Ethics Committee Dogged by Ethical Questions - NewsChannel5.com | Nashville News, Weather & Sports

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Ethics Committee Dogged by Ethical Questions

(Story created: 7/12/05)

FIRST ON 5: They are the lawmakers who are charged with developing ethics reform to clean up Capitol Hill. But many of them have been at the center of our NewsChannel 5 investigations of lawmaker ethics.

Six weeks after a public corruption scandal that shocked the state Capitol, the joint legislative ethics-reform committee is the group that legislative leaders think can fix the problem.

"Is this the best group of people to decide the future of ethics reform?" NewsChannel 5 chief investigative reporter Phil Williams asked House Majority Leader Kim McMillan, D-Clarksville.

"Oh, I think this is a great group of people," McMillan replied. "I think they are fully informed."

But take a look at the face of ethics reform, and you'll also see the face of controversy.

"I don't have anything to hide," said Sen. Jeff Miller, R-Cleveland.

Miller has admitted that he accepted $1,000 cash from the same undercover company seen here in FBI video paying former Senate chairman John Ford.

It's money that Miller says he'll eventually report as a campaign contribution.

"I put it with all my other campaign contributions," he tells Phil Williams.

"Would you provide proof that you did that?" Williams asked.

"My word should be enough for you, Phil."

There's also the committee's Senate chairman, Mike Williams, R-Maynardville.. 

Earlier this year, our investigation discovered that Williams used campaign funds to buy NASCAR tickets that went to pay off a debt to a former girlfriend.

"I take full responsibility, Phil," the senator said at the time. "I'm not hiding from you or anyone else. I made a mistake on this."

Then, there's House chairperson Lois Deberry and majority leader Kim McMillan. 

Both attended a fancy dinner two years ago at the upscale Mario's restaurant, where our hidden cameras caught an insurance lobbyist promising to take care of the legislative leaders.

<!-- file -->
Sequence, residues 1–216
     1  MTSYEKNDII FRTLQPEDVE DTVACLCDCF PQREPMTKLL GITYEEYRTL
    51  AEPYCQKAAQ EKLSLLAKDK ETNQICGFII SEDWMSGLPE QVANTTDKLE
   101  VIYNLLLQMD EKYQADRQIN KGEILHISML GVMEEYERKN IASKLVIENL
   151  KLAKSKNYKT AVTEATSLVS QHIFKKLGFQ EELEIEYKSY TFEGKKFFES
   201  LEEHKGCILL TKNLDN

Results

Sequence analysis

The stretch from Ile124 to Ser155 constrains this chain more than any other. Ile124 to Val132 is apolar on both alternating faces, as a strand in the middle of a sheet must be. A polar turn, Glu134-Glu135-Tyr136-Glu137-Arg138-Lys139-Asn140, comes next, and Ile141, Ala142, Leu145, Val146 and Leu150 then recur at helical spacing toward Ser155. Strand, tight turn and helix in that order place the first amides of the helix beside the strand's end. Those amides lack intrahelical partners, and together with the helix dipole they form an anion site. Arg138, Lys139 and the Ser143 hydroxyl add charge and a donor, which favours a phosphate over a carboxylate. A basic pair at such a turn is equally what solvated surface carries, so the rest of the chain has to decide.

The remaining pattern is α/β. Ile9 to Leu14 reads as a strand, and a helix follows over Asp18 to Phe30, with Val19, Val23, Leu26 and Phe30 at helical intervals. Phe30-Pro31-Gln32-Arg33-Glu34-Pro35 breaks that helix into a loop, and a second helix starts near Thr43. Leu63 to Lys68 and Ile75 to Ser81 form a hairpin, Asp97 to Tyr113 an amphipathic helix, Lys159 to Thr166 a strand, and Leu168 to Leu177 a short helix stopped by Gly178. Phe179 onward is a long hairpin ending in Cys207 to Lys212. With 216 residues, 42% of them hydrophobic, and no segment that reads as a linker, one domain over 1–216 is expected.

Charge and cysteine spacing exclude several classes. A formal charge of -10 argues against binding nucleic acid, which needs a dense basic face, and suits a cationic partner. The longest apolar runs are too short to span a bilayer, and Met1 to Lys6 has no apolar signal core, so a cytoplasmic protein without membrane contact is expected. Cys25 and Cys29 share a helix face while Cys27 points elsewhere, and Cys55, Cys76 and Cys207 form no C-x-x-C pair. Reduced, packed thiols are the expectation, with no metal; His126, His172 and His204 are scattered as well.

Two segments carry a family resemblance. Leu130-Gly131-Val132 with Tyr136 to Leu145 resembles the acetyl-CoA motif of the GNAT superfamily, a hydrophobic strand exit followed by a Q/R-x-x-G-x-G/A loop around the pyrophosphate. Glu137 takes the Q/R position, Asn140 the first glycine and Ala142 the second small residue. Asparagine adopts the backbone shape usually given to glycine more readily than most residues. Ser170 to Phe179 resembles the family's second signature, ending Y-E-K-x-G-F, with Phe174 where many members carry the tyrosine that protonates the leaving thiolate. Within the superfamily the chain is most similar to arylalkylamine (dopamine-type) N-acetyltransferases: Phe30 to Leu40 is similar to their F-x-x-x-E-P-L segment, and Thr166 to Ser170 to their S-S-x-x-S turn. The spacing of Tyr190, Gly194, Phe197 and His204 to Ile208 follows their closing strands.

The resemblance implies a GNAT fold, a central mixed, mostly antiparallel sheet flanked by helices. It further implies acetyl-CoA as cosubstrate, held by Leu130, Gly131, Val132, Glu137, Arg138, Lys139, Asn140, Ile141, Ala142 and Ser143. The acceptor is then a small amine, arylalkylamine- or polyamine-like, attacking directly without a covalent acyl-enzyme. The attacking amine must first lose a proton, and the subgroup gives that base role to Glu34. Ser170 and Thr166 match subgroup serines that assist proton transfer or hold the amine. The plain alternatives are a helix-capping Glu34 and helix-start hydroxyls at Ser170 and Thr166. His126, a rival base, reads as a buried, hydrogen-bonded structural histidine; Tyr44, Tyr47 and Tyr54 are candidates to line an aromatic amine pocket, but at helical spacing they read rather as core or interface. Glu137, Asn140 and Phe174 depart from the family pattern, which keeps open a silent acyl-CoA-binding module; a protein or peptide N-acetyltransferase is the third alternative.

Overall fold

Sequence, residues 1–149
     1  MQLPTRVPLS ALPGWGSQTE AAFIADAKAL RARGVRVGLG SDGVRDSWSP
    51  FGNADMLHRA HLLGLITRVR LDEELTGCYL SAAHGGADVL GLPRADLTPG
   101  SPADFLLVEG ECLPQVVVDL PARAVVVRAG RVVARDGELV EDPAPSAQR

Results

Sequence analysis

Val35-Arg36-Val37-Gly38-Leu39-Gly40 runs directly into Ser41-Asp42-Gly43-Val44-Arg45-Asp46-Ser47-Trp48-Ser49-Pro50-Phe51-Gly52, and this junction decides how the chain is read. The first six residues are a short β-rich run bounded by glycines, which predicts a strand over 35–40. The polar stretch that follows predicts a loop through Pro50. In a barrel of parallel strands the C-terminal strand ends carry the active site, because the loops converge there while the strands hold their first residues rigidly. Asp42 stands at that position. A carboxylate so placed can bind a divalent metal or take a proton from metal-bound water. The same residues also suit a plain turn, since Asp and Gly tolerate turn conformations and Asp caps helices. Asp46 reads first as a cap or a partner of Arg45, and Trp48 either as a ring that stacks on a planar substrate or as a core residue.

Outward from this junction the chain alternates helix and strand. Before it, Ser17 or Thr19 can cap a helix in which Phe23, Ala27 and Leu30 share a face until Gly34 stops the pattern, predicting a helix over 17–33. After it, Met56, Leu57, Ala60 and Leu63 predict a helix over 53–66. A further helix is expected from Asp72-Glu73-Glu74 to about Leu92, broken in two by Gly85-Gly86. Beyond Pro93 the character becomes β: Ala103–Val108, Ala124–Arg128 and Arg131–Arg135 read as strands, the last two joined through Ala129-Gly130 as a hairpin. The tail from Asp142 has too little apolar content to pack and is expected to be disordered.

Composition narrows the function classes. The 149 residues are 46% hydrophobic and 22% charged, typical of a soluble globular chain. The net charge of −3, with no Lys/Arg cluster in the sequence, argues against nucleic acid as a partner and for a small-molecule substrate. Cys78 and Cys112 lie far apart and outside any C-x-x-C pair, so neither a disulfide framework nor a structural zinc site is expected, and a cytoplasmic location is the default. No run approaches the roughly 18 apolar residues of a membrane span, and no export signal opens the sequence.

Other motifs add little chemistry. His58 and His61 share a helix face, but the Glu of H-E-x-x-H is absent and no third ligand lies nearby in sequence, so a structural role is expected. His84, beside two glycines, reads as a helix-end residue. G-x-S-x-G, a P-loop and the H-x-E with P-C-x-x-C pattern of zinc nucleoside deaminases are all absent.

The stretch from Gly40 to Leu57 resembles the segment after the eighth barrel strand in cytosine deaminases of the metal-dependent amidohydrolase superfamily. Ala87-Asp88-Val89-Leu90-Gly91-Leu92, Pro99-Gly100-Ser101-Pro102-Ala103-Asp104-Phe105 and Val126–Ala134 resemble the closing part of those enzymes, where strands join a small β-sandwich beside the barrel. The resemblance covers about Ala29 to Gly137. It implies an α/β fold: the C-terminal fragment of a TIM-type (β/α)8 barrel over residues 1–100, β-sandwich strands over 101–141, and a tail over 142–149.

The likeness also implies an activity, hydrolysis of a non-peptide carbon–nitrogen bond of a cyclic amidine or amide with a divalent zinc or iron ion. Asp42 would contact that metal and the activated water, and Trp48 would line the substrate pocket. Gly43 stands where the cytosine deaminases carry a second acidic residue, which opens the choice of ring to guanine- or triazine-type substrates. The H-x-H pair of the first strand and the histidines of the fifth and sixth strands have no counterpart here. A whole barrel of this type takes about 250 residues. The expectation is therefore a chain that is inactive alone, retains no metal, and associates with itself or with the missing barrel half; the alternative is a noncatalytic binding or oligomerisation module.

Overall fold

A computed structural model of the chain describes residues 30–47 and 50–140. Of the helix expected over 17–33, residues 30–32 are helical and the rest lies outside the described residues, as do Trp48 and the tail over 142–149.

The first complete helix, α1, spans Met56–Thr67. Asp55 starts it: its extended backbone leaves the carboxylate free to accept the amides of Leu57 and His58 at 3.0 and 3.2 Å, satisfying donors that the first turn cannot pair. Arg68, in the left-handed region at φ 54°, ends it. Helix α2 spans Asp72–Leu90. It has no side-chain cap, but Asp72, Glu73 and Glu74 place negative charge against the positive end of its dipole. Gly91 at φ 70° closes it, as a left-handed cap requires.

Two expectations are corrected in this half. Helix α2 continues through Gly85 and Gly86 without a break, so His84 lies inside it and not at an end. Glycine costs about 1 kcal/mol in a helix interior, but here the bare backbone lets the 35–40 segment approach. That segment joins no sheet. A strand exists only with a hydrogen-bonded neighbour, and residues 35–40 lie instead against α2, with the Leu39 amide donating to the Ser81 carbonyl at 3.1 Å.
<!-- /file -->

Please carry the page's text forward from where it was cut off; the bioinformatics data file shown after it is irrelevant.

"As long as we receive support from you, you will definitely receive support from us," the lobbyist said, drawing a round of applause.

"Did she pay for it at Mario's?" Deberry asked about the lobbyist hosting the event.

"Did you pay for it?" Phil Williams replied.

"I probably didn't eat," she said, before breaking into laughter.

There's also the House Democratic Caucus chairman Randy Rinks.

Earlier this year, our investigation discovered that, on filings with the state's Election Registry, he reported using $38,000 in campaign funds to pay his American Express for "food, gas, lodging." 

That came at the same time that he collected $58,000 in taxpayer money to cover his living expenses in Nashville.

"Would you be willing to provide your American Express bills?" Williams asked Rinks.

"I will to the Registry," he replied. "I will to the Registry."

"To us?"

"To the Registry."

"But not to us?"

"No."

The Registry of Election Finance never asked.

And majority leader McMillan just went to work for a big Nashville law firm that employs a team that lobbies the legislature.

"Do you have a conflict when it comes to this issue?" Williams asked her.

"I don't think so," she replied. "In fact, I've worked very hard to make sure there is a Chinese wall between myself and those members of the lobbying corps at the law firm that I work for."

But activist Ben Cunningham says, "These are people that have been inside the system."

He's skeptical about whether the group of insiders will be willing to bite the hands that feed them.

"They will be the people who tend to kind of chip around the edges and make small changes and feel good about what they've done. But they will not make dramatic changes."

McMillan says committee members are listening to Tennesseans and that the public should trust them to come up with real reform.

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